Amicus Briefs, Letters and Statements

NEFAC files and signs onto amicus briefs, letters and statements addressing important First Amendment issues. This is a listing of those documents, as well as others that may be of interest to you. While our main focus is on freedom of information concerns, we will consider supporting any amicus brief that addresses the First Amendment. If you would like to have NEFAC sign onto your brief, or to have us file one on behalf of your cause, please email our executive director for more information. Briefs, letters and statements from previous years can be viewed here:

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To U.S. Supreme Court Re: Live Audio Access (Sept. 16, 2020)

Telephonic access during COVID-19 has convincingly demonstrated the public’s appetite to observe the operations of the Court and has shown that the Court can balance increased access with the integrity of its proceedings. Accordingly, continued live audio for oral arguments and the addition of live audio for opinion announcements will each promote transparency, accountability, and public confidence in the judicial system.

To N.H. Commission on Law Enforcement Accountability (Aug. 19, 2020)

Transparency and accountability of law enforcement is perhaps more important today then ever. One needs only to turn on the television or computer to learn that communities across this nation innately distrust their local, state and federal governments, and, in particular, the police forces tasked to protect and serve those communities. Such distrust is clearly born from the lack of accountability and transparency, perceived or actual, from law enforcement agencies.

Alasaad v. Wolf (1st Cir. Aug. 7, 2020)

Personal electronic devices have become extensions of the human mind. Cell phones and laptops store enormous volumes of individuals’ expressive materials: their draft work product, private thoughts, associations and professional relationships, and digital records of their whereabouts and communications with others. Suspicionless searches of these devices at the border raise constitutional questions that analog-era precedents cannot answer. Because of the scale and sensitivity of the information stored on these devices, government searches of them pose a grave threat to the First Amendment freedoms of the press, speech, and association.

To Conn. State Judiciary Committee (July 17, 2020)

With those in Connecticut now discussing how law enforcement can best be structured and overseen by the public, this is an opportune time to make meaningful changes to our police departments. By making the changes listed above, citizens can more easily build trust with and oversee their law enforcement officers. Police departments throughout the state will also be equipped to better protect the rights of the public and more effectively serve their communities.

To Vt. Sen. Government Operations Committee (June 18, 2020)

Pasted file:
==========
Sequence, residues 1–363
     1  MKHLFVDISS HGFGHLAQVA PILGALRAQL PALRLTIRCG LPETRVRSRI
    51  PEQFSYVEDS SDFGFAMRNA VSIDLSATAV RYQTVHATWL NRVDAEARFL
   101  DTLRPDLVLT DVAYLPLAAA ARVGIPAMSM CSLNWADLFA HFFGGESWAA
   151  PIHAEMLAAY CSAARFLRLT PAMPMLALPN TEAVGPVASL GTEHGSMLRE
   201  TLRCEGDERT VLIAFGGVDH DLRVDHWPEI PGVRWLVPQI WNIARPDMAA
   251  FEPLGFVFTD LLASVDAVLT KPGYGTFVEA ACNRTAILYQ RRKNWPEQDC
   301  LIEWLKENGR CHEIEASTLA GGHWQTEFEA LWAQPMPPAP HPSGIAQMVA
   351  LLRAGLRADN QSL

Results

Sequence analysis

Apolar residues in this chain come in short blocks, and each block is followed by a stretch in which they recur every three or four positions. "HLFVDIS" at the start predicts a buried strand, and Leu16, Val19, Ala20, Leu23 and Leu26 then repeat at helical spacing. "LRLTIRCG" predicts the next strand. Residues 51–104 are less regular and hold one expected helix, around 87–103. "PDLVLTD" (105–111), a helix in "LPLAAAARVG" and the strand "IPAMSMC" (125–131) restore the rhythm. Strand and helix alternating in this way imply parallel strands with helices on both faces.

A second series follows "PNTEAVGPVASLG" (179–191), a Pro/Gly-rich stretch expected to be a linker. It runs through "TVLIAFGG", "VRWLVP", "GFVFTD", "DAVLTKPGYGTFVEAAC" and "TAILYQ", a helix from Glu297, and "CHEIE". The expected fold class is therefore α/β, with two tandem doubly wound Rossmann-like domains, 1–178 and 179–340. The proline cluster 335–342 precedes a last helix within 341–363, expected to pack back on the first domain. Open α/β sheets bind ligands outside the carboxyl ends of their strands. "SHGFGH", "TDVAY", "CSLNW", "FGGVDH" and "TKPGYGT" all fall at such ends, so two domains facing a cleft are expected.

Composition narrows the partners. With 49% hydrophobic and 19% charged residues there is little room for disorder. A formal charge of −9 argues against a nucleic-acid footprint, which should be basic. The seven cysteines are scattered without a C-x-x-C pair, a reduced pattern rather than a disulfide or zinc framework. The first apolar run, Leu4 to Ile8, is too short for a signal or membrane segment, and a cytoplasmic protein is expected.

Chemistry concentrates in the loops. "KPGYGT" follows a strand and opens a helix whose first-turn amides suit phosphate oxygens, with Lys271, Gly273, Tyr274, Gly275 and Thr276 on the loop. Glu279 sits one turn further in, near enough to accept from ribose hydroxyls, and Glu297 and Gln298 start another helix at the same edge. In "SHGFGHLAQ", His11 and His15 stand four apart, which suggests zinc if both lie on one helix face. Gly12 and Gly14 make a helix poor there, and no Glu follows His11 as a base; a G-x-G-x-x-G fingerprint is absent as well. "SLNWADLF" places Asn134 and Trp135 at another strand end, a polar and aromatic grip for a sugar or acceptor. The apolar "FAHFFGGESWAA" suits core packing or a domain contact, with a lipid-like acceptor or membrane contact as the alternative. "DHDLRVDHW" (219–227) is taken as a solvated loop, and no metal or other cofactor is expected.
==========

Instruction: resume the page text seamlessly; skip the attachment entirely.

During the last several weeks, the issue of police brutality has risen in our national conscience and there now seems to be the political appetite to make necessary reforms to law enforcement policy. This is an opportunity for leaders such as yourselves to help make both local and state police departments as well as county sheriffs offices more accountable for their actions and to prevent instances of misconduct that have been plaguing communities throughout the nation.

To Denver Officials Re: Attacks and Arrests of Journalists (June 16, 2020)

Officers on the ground must understand that gathering news and recording police activities are not crimes, and that journalists who are complying with reasonable law enforcement directions when covering civil unrest are protected by the First Amendment. In incidents documented in Denver, the journalists were clearly identified as such and indisputably in compliance with the law.

Statement on Law Enforcement Transparency and Accountability (June 12, 2020)

Many of our nation’s cities have experienced unrest and violence in response to the death of George Floyd at the hands of a Minneapolis police officer with a long record of public complaints. “Business as usual” in the oversight of law enforcement is not a satisfactory response to urgent and well-founded concerns that police officers are able to avoid consequences for wrongdoing, abetted by a tight regime of official secrecy. Change must happen.

To New York City Officials Re: Attacks and Arrests of Journalists (June 6, 2020)

Law enforcement officers do not have legal immunity when they violate clearly established rights under the First Amendment. The right of the press to document police activity is foundational to our democracy and has long been recognized and protected by the courts. Beyond, however, the Constitution and the law, any targeting of reporters for doing their jobs—keeping the public informed during an extraordinary period of civil unrest—is beyond the pale in a free society.